– ICJ grants Somalia maritime area claimed by Kenya
The two countries have been fighting for several years over a maritime area in the Indian Ocean, rich in fish and potentially in hydrocarbons.
Posted today at 01:03
The International Court of Justice (ICJ) on Tuesday granted Somalia most of a maritime area of the Indian Ocean, rich in fish and potentially in hydrocarbons, also claimed by Kenya.
The Kenyan government “totally rejects and does not recognize the conclusions” of the ICJ, headquartered in The Hague (Netherlands), reacted in the evening Kenyan President Uhuru Kenyatta. His country had recently declared that it no longer recognized the authority of this court, the highest court of the United Nations, created in 1946 to settle disputes between member states, accusing it of partiality.
In a statement, Uhuru Kenyatta called the ICJ’s decision a “zero-sum game, which will undermine relations between the two countries” and “potentially worsen the situation of peace and security in the fragile region of the Horn of Africa, ”reiterating Nairobi’s call to work instead towards a negotiated settlement.
Already tumultuous relations
The ICJ ruled that there was “no agreed maritime border” and drew a new border close to that claimed by Somalia. Kenya nevertheless retains part of the disputed water triangle, which covers more than 100,000 km2.
The Court thus put an end to the procedure introduced in 2014 by Mogadishu and which regularly aggravates the already tumultuous relations between these two neighbors of East Africa. In a televised speech immediately after the announcement of the ICJ’s decision, the President of Somalia Mohamed Abdullahi Mohamed, aka Farmajo, called on Kenya to “respect international law” and to abandon “its ambition”.
The decisions of the ICJ are binding on the parties and are final, but the Court has no binding means to enforce them. A member state that finds that the other party does not comply with a judgment of the Court may, however, seek sanctions from the United Nations Security Council. Kenya and Somalia have clashed for years over the course of their maritime border, both claiming sovereignty over a vast maritime area that may harbor oil and gas fields.
Somalia, located to the east of Kenya, claimed that its maritime border with that country should be delimited in the extension of its land border, in a south-eastern direction. For its part, Kenya wanted the border at sea to be drawn in a straight line to the east, thus giving it more maritime territory.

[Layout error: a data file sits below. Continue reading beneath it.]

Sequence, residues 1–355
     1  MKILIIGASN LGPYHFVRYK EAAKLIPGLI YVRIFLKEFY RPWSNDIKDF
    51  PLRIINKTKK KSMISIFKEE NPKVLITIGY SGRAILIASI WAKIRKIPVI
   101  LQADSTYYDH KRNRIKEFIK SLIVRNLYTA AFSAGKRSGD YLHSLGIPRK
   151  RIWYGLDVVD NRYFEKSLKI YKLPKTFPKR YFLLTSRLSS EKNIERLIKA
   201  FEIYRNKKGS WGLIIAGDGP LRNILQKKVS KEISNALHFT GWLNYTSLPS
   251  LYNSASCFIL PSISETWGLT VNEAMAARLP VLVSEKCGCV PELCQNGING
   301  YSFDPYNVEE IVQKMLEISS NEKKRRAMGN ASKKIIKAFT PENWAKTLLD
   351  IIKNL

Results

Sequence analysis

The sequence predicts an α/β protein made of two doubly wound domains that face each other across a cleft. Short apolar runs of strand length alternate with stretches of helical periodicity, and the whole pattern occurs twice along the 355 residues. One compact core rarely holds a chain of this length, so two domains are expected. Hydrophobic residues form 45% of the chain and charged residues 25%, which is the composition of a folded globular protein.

It maintains that it has sovereignty over the disputed area since 1979, when it set the limits of its exclusive economic zone (EEZ). Kenya notably granted three oil exploration permits in the area concerned to the Italian company ENI, contested by Somalia. The ICJ eventually drew a line passing closer to the border claimed by Mogadishu.
The court rejected Kenya’s claims that Somalia had consented to its claims by not contesting them for several decades prior to this proceeding. The ICJ has also rejected the course of the border claimed by Kenya from the coast, saying it would have had “a serious severing effect” for Somalia.
Magistrates, however, amended Mogadishu’s proposal, saying Kenya risked having its maritime rights sandwiched between Somalia to the north and Tanzania to the south. “The Court therefore considers that the adjusted line it established as a maritime boundary (…) leads to an equitable solution”, declared the presiding judge Joan Donoghue. Finally, the ICJ rejected all Somalia’s claims for damages for surveying and drilling work from oil and gas companies that Kenya had authorized.
In March, Kenya said it would no longer attend court hearings after the court refused to allow further delays in the case. He then announced that he no longer recognized the jurisdiction of the ICJ. At the end of September, Nairobi notified the Secretary-General of the United Nations that it was withdrawing its recognition of compulsory jurisdiction of the ICJ, dating from 1965.
“Perhaps Kenya’s decision not to participate in the oral proceedings was partly due to the fact that it was a losing battle,” Professor Cecily Rose told AFP. assistant in international law at the University of Leiden, the Netherlands.
In 2009, Kenya and Somalia agreed to settle their dispute through bilateral negotiations. But these have not been successful. Somalia therefore seized the ICJ in 2014 which, despite Kenya’s disputes, declared itself competent in February 2017. Tensions between the two neighbors reached a peak in February 2019 when Nairobi recalled its ambassador to Mogadishu, accusing the Somalia for auctioning oil and gas fields in the disputed area.
Posted today at 01:03
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